To suggest that there is actually a correlation between a fire that was accidently started and a crush caused by incompetent policing just because both happened at football grounds is a moronic argument to say the least.
The victims of the Valley Parade fire were not subjected to a cover-up involving the Government and the Police. The victims of Hillsborough were. The victims of the Valley Parade were treated as victims of a terrible accident. The victims of Hillsborough were treated as though they had almost got what they deserved, as the Liverpool fans in attendance that day were portrayed as the scum of the earth, an out of control mob. The families of those that died at the Valley Parade know what happened, the truth came out, they were able to get some closure and start the healing process. The families of those that died at Hillsborough have not got that.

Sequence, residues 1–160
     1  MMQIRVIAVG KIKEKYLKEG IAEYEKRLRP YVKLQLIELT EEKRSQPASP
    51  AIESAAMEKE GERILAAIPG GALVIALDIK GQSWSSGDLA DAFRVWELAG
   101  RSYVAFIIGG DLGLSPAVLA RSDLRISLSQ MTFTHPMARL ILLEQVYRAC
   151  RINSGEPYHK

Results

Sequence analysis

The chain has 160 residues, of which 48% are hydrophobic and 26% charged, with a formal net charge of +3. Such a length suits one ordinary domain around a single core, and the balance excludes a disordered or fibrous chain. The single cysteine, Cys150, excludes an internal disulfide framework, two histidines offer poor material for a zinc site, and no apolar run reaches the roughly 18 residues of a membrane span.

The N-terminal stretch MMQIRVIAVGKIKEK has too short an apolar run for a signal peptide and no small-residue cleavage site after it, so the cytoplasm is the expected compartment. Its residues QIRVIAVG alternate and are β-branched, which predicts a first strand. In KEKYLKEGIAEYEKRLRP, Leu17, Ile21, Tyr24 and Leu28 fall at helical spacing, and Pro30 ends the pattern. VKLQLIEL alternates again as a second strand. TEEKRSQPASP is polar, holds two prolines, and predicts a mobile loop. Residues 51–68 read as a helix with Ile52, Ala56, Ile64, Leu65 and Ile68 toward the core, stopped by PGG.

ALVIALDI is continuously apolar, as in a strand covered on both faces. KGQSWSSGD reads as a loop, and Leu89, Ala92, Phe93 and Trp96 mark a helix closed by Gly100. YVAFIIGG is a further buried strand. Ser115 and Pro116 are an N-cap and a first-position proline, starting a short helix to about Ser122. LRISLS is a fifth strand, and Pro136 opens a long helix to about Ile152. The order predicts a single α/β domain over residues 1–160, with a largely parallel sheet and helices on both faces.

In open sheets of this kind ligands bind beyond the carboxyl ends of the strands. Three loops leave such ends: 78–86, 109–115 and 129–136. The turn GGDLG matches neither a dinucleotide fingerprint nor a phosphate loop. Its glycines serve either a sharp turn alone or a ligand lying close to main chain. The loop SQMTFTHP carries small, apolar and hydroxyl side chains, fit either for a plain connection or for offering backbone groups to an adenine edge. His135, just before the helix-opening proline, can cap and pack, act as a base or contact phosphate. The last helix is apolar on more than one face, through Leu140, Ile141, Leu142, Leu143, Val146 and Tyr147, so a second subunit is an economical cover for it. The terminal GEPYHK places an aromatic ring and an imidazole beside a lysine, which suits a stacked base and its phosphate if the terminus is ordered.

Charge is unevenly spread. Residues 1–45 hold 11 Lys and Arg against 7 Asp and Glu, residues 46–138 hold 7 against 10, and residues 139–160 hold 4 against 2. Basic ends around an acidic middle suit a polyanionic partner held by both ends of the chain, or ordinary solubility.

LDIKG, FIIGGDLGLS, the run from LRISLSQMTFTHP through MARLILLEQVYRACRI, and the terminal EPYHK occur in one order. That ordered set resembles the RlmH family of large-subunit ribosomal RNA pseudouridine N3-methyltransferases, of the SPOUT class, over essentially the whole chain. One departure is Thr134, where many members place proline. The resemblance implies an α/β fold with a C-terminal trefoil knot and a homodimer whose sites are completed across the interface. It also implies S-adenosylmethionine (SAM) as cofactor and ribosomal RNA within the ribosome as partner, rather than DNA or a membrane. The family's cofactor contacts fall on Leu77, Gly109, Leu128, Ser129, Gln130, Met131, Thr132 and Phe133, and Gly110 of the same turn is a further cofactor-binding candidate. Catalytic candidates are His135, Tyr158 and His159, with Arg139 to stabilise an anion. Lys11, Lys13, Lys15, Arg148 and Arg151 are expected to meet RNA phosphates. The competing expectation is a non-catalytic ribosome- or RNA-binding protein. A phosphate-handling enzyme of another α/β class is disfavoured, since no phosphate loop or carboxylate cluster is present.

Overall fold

There are still many valid questions that have to be answered about what happened on that day, before the families and friends of those who lost someone at Hillsborough can feel as though they finally have a clear picture of what happened that day and who, if anyone, was responsible.
For starters, the coroner, Stefan Popper, ruled that by 3:15pm all of the victims in the Leppings Lane end had received injuries that had caused irreversible brain damage, despite evidence that some of the victims died much later than then. There is even evidence that some victims were still talking two hours later than 3:15pm.
That ruling meant that the inquests that followed were limited to events up to 3:15pm, meaning that crucial questions were never asked nor answered. The emergency response was never discussed. Of the 42 ambulances that were called to Hillsborough, only 3 made it onto the pitch. There were many witnesses who were never called to give evidence, including some of the responding paramedics, who were critical of the way the emergency response was coordinated, with one describing it as ‘chaotic’.